Last week, Kendrick Lamar released To Pimp A Butterfly, the highly anticipated follow-up to his 2012 Grammy nominated and certified classic major label debut, good kid, m.A.A.d city. The album debuted at #1 on the Billboard charts and was universally well received by critics, fellow artists, and pretty much anyone I’ve spoken to about it. The worst things I’ve heard so far have been, to paraphrase, “it’s great, but it’s not the instant classic like good kid, m.A.A.d city was and “I think it’s good, but Kendrick didn’t go hard enough, it’s too jazzy.” That’s it. Not yet a classic to some, and a little too smooth and mellow musically to others. I loved To Pimp A Butterfly. I also loved good kid, m.A.A.d city.
Taking nothing away from any of the big albums from the last few years (Yeezus, Nothing Was The Same, My Name Is My Name, and My Krazy Life to name a few), Kendrick’s first two major label releases are the only two I would actually consider to be classic records. I’m also a big fan of his pre-Aftermath Records release, 2011’s Section .80. I typically like him on features. His presence on tracks makes them a better overall listen, and often he steals the show, most notably on his now infamous “Control” verse, which we’ll get back to in a bit.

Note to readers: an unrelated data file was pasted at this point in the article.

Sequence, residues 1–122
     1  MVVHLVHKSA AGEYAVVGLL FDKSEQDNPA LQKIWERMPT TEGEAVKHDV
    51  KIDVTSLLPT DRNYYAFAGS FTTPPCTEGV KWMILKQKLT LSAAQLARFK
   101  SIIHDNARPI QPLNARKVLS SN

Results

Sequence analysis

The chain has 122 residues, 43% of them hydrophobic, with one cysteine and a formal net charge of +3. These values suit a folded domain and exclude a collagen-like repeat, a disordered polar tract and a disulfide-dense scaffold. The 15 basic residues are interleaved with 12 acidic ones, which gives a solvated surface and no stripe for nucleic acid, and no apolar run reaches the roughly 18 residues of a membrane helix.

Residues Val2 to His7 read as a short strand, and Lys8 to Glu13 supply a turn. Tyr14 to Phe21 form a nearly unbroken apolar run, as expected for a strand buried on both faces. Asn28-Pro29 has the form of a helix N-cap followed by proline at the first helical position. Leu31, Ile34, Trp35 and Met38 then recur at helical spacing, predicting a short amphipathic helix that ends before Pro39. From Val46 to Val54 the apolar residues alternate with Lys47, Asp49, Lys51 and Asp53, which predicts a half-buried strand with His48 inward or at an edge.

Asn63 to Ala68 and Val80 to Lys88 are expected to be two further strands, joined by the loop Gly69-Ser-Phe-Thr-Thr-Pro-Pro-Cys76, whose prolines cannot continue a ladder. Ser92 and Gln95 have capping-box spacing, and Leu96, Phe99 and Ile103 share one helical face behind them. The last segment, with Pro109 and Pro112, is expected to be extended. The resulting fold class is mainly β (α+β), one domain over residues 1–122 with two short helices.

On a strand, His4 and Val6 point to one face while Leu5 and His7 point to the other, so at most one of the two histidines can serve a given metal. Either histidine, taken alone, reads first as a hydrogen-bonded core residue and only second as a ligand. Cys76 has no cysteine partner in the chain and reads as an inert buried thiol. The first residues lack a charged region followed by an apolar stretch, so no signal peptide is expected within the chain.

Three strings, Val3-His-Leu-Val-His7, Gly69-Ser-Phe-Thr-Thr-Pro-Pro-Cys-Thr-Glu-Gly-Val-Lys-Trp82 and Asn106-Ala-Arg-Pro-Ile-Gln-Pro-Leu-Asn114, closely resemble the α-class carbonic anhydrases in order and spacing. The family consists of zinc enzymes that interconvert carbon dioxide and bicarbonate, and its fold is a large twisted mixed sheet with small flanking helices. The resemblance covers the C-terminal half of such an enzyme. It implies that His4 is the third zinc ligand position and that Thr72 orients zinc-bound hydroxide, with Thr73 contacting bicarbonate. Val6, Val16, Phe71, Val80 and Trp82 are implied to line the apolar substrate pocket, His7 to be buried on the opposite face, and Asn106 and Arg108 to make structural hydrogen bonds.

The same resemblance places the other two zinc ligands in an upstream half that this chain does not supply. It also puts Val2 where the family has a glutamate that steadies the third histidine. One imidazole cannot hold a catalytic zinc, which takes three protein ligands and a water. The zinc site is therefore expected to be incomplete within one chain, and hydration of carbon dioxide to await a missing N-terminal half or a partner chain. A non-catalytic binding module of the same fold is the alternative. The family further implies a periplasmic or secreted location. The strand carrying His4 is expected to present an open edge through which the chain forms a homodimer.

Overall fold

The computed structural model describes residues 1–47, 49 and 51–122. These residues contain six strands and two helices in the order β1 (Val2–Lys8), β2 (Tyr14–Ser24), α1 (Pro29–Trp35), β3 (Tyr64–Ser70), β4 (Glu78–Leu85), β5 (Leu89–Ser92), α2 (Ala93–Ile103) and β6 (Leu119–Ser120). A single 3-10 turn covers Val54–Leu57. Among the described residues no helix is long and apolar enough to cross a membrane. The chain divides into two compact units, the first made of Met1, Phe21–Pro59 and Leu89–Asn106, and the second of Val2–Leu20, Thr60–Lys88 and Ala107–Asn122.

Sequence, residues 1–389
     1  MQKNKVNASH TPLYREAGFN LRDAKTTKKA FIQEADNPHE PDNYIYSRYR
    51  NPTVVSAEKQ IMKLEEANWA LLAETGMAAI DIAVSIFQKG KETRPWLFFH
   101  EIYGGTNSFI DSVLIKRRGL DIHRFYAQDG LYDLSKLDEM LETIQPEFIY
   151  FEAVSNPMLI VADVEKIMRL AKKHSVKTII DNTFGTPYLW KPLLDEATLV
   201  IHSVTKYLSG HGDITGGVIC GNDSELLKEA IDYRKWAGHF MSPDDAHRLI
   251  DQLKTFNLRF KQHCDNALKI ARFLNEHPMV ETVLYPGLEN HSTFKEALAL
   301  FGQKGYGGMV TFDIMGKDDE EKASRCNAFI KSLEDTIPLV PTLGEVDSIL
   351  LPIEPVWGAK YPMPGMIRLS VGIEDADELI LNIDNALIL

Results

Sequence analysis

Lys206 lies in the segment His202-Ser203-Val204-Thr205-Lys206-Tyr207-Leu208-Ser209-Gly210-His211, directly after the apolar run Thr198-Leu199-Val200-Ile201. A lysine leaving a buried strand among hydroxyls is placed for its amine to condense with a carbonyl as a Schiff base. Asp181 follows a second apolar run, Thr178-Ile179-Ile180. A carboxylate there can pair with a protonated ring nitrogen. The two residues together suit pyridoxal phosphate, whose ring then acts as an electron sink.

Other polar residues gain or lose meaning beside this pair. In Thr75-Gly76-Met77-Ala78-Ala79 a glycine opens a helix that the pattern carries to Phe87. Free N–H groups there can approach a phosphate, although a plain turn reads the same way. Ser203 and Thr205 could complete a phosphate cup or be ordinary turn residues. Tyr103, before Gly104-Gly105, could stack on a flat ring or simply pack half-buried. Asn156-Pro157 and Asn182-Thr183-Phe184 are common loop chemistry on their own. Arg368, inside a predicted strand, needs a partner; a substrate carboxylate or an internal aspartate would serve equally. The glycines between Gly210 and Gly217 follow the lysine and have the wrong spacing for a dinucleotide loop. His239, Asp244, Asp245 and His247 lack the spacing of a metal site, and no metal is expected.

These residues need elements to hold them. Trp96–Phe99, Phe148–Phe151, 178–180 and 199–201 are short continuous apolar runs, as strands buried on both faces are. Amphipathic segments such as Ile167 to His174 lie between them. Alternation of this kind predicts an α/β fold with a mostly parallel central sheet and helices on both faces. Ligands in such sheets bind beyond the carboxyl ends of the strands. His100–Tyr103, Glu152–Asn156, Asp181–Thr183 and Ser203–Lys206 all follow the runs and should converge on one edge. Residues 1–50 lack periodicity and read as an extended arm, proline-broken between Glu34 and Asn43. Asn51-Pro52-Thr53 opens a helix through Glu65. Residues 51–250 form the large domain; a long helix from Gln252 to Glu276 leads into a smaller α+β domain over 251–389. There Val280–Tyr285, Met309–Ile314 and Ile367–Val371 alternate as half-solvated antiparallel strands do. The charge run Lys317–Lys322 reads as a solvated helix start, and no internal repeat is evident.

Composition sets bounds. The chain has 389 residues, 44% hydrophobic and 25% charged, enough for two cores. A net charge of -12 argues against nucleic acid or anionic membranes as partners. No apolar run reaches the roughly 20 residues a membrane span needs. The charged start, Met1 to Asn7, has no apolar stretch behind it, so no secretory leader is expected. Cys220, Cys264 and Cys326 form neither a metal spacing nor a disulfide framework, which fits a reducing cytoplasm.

His discography includes a sizable mixtape catalog of which I’ve heard a few tracks, but admittedly not all of them. I mention that in the interest of fairness for my next few statements. I haven’t heard all of his music, but I’ve certainly heard quite a bit. With the understanding that there may be songs with which I’m not familiar and therefore may not necessarily fall in line with I’m about to say, thus far I’ve yet to come across a Kendrick Lamar track, whether it’s his own or one he’s featured on, that has been a dud. In fact, at worst everything I’ve heard has been better than average. He’s consistently solid, often outstanding, and every once in a while, transcendent.
He’s an exceptional emcee. Not just a true artist, but one of the best of his time. In fact, as controversial as this may come across initially, he’s in my Top 5. You may think to self, “of course he’s Top 5 of this generation, up there with Drake, Nicki Minaj, and a few others.” But that’s not what I’m saying. Kendrick Lamar is already Top 5 all time. I can already hear the clamor from the Biggie, Jay-Z, and LL Cool J camps. I know Nas, ‘Pac , and Scarface enthusiasts are likely taken aback by this sentiment and there’s a 40 year old out there thinking I don’t know the first thing about Kool Moe Dee and Big Daddy Kane. But whether Andre 3000, Talib Kweli, Lil’ Wayne, or Slick Rick are your favorite emcees, can you really deny Kendrick’s brilliance?